#41 On history
Can society be working for some but not others? Can it be objectively measured? This is a much more fascinating disagreement!
The left expect the perfect society; the right think there’s only the incumbent. But surely history demonstrates two things:
- the perfect society is impossible and thinking it possible ends in mass-murder;
- status quo supporters were consistently proved wrong by reforms that were just over the hill, but they enforced the status quo, generally through small scale murder.
There is the politics of eternity and the politics of inevitability. Both are ahistorical.
Societies work to different extents and the only complex society that hasn’t gone extinct is the current one. Longevity is not the only measure. Maybe North Korea will last a long time. Other civilisations lasted longer than ours but were terrible to be living in.
After all, a civilisation is the people living in it. Take Soviet Russia. It represented an increase in living standards for many poor people, because the Tsar’s Russia wasn’t anything to write home about either. For those in the regime who avoided Stalin’s wrath it was great times. But for an outsider like Solzhenitsyn it was hell and there were many like him. These subjective experiences add up to an objective indictment against the regime. I think you should read something by an outsider in our society. From an entire ocean of literature and activism, I’ll pluck Ta-Nehisi Coates’ Between the World and Me.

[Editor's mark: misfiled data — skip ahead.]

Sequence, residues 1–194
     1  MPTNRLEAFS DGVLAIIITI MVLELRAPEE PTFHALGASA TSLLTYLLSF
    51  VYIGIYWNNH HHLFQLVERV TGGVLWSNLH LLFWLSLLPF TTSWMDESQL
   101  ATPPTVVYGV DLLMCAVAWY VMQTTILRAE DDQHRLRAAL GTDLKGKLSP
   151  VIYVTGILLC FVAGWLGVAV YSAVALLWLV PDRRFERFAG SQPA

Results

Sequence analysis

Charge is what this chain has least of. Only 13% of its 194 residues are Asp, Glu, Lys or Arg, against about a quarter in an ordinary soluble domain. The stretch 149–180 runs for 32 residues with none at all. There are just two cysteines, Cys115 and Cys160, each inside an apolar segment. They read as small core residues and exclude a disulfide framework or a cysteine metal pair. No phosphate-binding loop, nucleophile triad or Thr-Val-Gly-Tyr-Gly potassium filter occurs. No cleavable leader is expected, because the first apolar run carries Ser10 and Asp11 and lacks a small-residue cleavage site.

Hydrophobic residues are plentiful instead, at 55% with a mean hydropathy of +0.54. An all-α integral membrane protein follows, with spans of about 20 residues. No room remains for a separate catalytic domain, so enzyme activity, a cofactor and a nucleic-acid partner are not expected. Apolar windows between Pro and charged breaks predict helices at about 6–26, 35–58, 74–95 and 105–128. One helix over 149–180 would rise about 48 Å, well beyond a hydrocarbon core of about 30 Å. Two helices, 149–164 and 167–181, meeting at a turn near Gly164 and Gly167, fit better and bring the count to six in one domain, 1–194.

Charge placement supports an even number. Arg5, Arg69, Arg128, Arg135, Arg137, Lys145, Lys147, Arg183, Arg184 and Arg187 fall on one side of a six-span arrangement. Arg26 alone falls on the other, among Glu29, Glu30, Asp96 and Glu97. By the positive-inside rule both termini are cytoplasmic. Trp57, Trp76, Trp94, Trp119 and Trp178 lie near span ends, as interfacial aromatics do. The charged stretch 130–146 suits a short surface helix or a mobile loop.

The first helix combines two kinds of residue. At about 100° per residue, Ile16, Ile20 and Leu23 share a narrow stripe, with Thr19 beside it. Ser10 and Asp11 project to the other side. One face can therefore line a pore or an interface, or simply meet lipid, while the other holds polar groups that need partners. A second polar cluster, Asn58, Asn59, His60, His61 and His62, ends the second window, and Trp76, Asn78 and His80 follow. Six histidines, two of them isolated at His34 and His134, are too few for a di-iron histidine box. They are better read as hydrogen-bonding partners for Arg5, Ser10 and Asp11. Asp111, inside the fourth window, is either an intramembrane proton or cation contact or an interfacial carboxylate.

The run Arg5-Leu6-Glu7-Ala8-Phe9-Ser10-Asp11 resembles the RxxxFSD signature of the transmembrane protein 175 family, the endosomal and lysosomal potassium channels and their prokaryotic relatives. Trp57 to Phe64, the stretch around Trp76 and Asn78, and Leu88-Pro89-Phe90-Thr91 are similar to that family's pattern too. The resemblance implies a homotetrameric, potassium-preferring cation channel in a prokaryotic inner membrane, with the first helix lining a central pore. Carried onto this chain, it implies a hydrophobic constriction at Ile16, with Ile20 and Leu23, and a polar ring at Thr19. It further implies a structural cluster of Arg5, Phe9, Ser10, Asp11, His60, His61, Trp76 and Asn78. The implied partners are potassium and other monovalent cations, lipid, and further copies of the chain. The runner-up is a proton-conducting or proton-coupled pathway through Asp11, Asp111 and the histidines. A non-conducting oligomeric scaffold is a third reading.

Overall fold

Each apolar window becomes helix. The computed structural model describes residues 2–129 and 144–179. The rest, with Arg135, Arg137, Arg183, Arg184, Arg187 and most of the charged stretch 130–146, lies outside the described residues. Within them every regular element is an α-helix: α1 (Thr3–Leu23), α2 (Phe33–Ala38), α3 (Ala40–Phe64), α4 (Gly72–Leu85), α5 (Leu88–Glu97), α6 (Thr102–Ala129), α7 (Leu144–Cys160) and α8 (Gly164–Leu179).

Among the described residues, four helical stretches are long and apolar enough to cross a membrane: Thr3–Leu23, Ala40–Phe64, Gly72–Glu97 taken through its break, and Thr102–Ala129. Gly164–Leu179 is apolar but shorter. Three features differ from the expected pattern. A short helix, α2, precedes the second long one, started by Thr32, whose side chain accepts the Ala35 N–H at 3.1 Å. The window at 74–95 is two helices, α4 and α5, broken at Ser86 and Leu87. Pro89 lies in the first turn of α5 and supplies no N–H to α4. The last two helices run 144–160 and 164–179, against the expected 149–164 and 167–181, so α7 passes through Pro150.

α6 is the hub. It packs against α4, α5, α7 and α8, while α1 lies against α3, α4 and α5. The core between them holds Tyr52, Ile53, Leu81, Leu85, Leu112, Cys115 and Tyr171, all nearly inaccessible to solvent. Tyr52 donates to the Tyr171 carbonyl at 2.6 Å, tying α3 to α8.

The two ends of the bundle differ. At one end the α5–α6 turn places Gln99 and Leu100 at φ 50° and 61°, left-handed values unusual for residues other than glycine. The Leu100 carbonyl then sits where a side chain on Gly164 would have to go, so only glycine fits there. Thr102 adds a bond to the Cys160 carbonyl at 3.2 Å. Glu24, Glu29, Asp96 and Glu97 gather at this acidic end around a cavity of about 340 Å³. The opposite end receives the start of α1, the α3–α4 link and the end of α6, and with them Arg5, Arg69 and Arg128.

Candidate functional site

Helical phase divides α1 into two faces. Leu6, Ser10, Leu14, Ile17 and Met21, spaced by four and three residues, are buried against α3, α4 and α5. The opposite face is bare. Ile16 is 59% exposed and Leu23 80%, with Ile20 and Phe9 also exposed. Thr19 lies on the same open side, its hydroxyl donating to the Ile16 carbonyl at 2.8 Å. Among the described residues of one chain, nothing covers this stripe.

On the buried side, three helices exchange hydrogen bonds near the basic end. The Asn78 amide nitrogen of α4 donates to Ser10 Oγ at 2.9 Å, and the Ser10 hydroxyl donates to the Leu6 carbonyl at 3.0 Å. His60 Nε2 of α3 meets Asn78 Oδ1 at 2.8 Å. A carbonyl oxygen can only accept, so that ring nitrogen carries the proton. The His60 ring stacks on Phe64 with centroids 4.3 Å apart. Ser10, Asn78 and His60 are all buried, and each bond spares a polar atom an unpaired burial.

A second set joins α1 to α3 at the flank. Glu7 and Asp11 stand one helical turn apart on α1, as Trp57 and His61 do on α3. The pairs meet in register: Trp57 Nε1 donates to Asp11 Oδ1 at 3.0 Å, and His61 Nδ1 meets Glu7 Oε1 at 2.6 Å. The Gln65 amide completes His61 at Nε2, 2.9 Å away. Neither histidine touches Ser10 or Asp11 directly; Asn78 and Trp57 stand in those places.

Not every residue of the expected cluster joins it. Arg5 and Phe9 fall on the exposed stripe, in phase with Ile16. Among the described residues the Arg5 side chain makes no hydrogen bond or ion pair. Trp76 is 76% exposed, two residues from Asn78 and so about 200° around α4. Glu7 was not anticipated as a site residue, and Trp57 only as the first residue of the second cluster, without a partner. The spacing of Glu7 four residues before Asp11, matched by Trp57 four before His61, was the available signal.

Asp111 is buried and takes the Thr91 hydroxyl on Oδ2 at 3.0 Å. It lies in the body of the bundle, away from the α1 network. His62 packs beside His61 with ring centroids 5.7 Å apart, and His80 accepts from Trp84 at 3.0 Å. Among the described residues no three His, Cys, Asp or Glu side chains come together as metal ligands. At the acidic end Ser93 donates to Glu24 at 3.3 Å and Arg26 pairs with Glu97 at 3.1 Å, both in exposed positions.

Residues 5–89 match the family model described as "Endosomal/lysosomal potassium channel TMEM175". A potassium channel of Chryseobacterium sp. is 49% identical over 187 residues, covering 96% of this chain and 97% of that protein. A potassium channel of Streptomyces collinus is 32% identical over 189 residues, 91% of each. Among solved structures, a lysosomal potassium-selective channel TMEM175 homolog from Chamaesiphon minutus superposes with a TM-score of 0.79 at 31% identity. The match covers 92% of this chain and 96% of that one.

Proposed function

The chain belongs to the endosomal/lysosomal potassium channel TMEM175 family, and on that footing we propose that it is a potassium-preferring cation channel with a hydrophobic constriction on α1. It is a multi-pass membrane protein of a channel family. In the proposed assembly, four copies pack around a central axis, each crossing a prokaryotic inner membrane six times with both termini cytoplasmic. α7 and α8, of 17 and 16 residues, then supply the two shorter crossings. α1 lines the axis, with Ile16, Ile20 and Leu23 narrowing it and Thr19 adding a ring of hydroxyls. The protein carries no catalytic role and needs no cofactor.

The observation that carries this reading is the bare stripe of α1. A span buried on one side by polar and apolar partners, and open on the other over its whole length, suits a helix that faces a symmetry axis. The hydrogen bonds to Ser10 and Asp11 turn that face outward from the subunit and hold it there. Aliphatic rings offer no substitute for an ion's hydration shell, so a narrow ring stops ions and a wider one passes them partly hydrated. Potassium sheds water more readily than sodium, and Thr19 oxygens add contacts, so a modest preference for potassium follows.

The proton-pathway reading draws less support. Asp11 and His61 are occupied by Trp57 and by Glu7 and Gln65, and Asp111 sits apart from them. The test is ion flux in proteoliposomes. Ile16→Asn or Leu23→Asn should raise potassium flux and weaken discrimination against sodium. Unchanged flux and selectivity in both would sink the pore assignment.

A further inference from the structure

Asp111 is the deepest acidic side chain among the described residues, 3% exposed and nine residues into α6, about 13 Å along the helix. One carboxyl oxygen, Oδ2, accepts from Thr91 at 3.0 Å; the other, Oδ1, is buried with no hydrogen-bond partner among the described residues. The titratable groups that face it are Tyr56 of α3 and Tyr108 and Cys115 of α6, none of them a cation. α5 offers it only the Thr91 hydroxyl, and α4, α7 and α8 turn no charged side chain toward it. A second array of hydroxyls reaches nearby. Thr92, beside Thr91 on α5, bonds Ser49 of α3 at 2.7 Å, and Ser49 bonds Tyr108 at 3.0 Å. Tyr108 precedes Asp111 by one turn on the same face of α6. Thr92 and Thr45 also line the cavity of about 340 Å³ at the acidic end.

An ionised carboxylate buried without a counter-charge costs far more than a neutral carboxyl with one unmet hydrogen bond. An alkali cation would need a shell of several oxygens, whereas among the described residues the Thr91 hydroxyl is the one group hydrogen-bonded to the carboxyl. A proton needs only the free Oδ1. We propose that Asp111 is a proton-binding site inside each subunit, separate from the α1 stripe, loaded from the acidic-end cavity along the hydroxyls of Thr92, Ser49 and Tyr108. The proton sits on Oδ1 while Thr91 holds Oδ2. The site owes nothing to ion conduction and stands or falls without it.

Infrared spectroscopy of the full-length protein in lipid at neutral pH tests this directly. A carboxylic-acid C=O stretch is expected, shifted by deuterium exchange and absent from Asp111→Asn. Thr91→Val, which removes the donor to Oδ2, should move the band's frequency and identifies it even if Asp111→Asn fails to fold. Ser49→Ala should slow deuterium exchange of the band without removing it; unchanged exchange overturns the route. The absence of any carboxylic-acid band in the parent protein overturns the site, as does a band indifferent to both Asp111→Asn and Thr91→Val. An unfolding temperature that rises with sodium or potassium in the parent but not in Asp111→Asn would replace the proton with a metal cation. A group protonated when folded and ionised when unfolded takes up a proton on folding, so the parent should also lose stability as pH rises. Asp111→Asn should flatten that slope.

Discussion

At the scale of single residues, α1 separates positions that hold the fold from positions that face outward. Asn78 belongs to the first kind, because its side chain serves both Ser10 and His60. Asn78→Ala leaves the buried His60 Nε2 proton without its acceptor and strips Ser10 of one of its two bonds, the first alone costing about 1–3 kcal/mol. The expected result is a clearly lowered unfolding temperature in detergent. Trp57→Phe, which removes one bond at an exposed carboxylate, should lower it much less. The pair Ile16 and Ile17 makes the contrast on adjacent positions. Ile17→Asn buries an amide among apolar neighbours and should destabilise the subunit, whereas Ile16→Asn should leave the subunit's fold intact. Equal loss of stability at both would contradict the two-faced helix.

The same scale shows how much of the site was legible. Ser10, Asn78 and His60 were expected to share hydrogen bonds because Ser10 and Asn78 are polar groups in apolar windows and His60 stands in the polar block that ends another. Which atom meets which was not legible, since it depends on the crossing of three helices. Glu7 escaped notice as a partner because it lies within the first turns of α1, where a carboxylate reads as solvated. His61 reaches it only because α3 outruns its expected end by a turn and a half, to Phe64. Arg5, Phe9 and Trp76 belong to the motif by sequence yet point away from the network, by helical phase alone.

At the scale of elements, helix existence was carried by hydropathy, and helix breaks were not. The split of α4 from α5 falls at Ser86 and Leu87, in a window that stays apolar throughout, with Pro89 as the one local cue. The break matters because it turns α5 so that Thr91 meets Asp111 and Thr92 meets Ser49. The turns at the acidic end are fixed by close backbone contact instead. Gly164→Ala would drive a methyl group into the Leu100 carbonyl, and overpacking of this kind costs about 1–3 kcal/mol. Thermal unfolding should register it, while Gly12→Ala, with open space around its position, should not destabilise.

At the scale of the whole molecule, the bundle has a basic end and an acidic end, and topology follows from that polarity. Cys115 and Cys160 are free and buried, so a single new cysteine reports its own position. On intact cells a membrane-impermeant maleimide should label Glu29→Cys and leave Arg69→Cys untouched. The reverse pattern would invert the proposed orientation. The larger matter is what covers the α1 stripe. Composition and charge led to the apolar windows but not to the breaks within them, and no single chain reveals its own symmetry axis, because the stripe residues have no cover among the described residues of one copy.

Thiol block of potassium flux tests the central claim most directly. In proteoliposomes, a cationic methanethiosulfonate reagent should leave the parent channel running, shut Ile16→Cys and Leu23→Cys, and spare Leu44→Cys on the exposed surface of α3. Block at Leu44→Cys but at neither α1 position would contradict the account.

Our society is much better than the USSR, but can and probably will be better still. Not perfect. Every society in history could have been better in a non-utopian, achievable way.
Also, you’re right, I have been using “skin in the game” incorrectly. Powerful people are invested in perpetuating the system as it is, especially their place in the hierarchy and the rules of the game in which they have their and other’s skin. Perhaps that’s not a conflict of interest, merely a non-mysterious vested interest.
Exploitation is certainly the best way to run a society — from the point of view of those on top or even the abstract view of maximising productive efficiency. From the more numerous points of view of those on the bottom, it’s bad. Ditto for some other abstract points of view, like maximising happiness, well-being, freedom, etc.
There’s the old slogan about how power corrupts. Sort of. Everyone is corruptible; power lets you get away with it.
Originally published at unlamed.